With tears rolling down her cheeks, Norah narrates how her employer’s son pushed her from the fourth floor of their apartment to the ground. As a result, she broke her back and legs.
Like any young mother, 30-year-old Norah Nakalema needed a good job to enable her to look after her children.
She contacted an employment agency, which sent her to Jordan, where she got a job as a housemaid in 2018.
During the first five months of work, Nakalema's employer's son started harassing her after she rejected his sexual advances. Things worsening until they culminated in a near-fatal incident.
With tears rolling down her cheeks, Norah narrates how her employer's son pushed her from the fourth floor of their apartment to the ground. As a result, she broke her back and legs.
Although she was lucky to be brought back to Uganda by the Red Cross, Nakalema is living a miserable life.
"The company that took me to Jordan has been giving me sh300,000 upkeep every month but as I talk to you, they have stopped. They recently told me it is not their responsibility, but the responsibility of the Government. I do not know what I am going to do. I have to pay rent and foot medical bills. I also have two children to look after. I need help," she said.
The story of Alice Keatisha is equally disturbing. The 43-year-old got work in Saudi Arabia in 2016. Unfortunately, for a reason she did not know, her workmate pushed her from the fifth floor of the building they were living into the ground. Her backbone was shattered. She says the doctors put about 34 metal screws in her back and 14 in her legs to make her walk again.
"I feel a lot of pain. I sleep in a single room with my seven children. The Catholic Missionaries of the Poor help me with the children's school fees but still, I have to feed them," she said.
These were among the disturbing stories that various victims of labour injustices poured out during Omudaala, a live talk show, which was aired live on Bukedde Radio and Bukedde TV on Saturday. The programme was organised by Vision Group, in partnership with the Democratic Governance Facility (DGF), an international organisation that promotes justice and human rights.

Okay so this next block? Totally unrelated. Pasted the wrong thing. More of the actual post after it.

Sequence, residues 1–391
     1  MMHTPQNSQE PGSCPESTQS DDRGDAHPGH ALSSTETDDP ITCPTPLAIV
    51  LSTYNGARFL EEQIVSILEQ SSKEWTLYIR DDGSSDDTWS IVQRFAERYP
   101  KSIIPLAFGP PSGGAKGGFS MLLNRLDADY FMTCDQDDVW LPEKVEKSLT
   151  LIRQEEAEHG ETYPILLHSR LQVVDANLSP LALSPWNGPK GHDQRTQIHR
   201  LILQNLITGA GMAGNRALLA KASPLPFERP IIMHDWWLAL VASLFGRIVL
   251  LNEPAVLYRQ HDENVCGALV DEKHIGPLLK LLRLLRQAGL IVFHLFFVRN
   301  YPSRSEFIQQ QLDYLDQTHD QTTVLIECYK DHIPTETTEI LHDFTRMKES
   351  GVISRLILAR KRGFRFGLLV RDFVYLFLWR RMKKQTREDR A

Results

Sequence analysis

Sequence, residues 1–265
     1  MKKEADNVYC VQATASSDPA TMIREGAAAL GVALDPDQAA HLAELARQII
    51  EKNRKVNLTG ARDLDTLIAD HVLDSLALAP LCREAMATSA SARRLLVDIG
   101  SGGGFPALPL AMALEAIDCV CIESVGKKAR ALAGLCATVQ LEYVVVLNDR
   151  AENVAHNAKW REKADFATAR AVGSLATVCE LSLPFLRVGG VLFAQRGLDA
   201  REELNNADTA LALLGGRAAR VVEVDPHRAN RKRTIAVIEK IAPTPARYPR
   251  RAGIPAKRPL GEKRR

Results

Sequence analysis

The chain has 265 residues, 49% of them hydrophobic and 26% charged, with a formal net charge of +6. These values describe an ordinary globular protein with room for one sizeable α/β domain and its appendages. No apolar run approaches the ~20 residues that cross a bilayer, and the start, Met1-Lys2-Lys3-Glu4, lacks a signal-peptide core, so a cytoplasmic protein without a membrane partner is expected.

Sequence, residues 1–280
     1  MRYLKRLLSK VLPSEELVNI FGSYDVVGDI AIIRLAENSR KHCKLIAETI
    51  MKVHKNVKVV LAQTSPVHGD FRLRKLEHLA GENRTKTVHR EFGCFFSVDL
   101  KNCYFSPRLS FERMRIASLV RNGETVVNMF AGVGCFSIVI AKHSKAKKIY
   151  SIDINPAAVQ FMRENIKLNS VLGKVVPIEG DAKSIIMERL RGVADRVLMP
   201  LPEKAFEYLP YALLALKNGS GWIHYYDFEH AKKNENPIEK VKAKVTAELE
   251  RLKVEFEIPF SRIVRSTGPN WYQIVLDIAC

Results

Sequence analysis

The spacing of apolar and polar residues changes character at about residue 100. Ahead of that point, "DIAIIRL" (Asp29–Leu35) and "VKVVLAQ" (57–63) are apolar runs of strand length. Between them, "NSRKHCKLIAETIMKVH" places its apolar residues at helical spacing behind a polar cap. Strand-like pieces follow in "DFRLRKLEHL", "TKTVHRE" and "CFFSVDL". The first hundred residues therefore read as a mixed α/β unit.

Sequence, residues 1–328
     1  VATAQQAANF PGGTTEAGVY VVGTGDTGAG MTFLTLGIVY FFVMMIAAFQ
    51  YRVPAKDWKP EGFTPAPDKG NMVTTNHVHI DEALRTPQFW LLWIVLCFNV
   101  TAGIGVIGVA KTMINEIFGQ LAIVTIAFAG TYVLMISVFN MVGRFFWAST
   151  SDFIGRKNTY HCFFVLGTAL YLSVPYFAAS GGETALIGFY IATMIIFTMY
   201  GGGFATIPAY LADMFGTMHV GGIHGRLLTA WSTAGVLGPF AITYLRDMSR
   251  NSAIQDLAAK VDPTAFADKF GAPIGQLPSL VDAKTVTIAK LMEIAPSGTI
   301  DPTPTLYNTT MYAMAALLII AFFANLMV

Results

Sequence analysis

The talkshow attracted hundreds of aggrieved labour seekers and labour injustice victims, who started flocking to the head office of Vision Group as early as 7:00 am.
Further to projecting the slave-like treatment that many Ugandan labour migrants are subjected to in some Middle East countries, the programme also revealed many labour irregularities that have dehumanised Ugandans in their own country.
Vincent Lwamunono, a resident of Kapeeka in Nakaseke district, narrated a sad story of how he lost his foot, which was smashed by a borehole drilling machine, but the Chinese company he was working for sidelined him.
"They were reluctant to act when I asked them to help me foot the medical bill. When they accepted, the money they gave me was insufficient. When they learnt that I had taken the matter to the authorities, one of them laughed at me, saying there was no way I, a poor individual with a disability, could prevail over a rich company.
"As of now, I have sold all my property apart from my house. My wife, Joyce, proposed that we both go back to our parents. But I found her proposal very painful. I love her, I can't imagine a life without her. But I also feel bad to see my two children living in abject misery.
"I used to provide for them everything before I got involved in the accident. Today, I cannot even afford sugar. If they feel like taking tea, they go to my neighbours. Every day, I weep because of my pathetic situation. I do not even have tears anymore. I have thus decided to sell my house without my wife's knowledge. I will then give her the money to start a new life and then commit suicide."
During the programme, the victims interacted with and discussed their problems with officials from the labour ministry and labour rights organisations such as Overseas Workers' Voice, Migrant Workers' Voice, Platform for Labour Action, Uganda Association of External Recruitment Agencies, Labour Education Services and Safe Labour Migration. A few employment agencies such as Rokas Recruitment Services and Horeb Services Uganda also sent representatives.
There was drama when one of the complainants engaged a representative of Horeb Services Uganda boss, Ezra Mugisha, in a heated verbal exchange, accusing the company of delaying the process of their recruitment.
Mugisha defended the company, saying the delay was because of the long process of securing certain documents from the Government.
He said his company could not smuggle out a person before they are cleared by the Government.
The officials from the labour ministry, Hillary Talemwa and Ismael Kalanda, were also intermittently booed by people who accused the ministry of ignoring them and siding with the errant companies.
Workers' MP Charles Bakkabulindi promised to engage all the stakeholders in a constructive dialogue in order to find a solution to the labour injustices.